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Title: The dynamics of oil and fiscal federalism : challenges to governance and development in Nigeria
Author: Alabi, Joshua Olaniyi
ISNI:       0000 0004 2699 0276
Awarding Body: University of Leeds
Current Institution: University of Leeds
Date of Award: 2010
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This thesis explores some of the major challenges to governance and development in Nigeria since independence. The focus of the thesis is on the dynamics of oil and fiscal federalism, given that more than 90% of her revenue income accrues from oil, and on the continuing difficulties of securing from these revenues a satisfactory path of economic and social development for Nigeria. It examines more specifically how the productive application of the revenue streams obtained by Nigeria from its oil reserves has been severely undermined by the politics of 'fiscal federalism', i.e. the manner in which taxation and public spending are divided up between the federal, state and local levels of government. It argues that it is in the context of these fragmented and contested processes of oil revenue allocation and management that the origins of predation and corruption are located. The main aim of the research is to discover whether and how reforms in the taxation and expenditure system could reduce predation, and direct the country's oil revenues into productive channels within a development strategy that will benefit the people at large, rather than a small and corrupt elite. The field research for this thesis was conducted at the federal and state levels of government, and assesses the problems associated with the contentious revenuesharing system between the three tiers of government. It concludes that this dynamics of oil and fiscal federalism poses a major challenge, because it has ignored the productive contributions of the federating units and based revenue allocation on predatory politically-motivated parameters. These have consequently led to instability in the oil producing Niger Delta region, which constitutes a major challenge to the sustainability of oil production in Nigeria. This in tum has over the years resulted in failure to achieve a satisfactory path of economic and social development for Nigeria.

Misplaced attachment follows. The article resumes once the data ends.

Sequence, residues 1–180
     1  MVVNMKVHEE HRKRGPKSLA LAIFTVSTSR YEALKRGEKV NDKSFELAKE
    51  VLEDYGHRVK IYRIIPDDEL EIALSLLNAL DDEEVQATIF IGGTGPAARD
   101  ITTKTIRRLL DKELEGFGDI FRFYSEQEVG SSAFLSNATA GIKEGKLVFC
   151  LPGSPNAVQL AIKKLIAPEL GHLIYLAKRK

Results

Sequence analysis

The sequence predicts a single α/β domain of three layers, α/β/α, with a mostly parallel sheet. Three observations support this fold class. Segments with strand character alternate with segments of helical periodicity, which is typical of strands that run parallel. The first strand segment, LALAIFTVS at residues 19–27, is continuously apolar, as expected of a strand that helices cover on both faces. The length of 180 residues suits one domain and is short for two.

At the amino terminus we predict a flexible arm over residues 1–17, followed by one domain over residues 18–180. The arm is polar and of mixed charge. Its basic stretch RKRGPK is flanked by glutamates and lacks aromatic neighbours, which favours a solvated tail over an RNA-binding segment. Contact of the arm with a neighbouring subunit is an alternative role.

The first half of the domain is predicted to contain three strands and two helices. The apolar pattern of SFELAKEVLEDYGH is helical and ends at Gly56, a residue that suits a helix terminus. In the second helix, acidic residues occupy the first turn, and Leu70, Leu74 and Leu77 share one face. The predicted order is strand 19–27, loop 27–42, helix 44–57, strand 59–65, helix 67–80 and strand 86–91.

Supervisor: Bush, R. ; Radice, H. Sponsor: Not available
Qualification Name: Thesis (Ph.D.) Qualification Level: Doctoral
EThOS ID:  DOI: Not available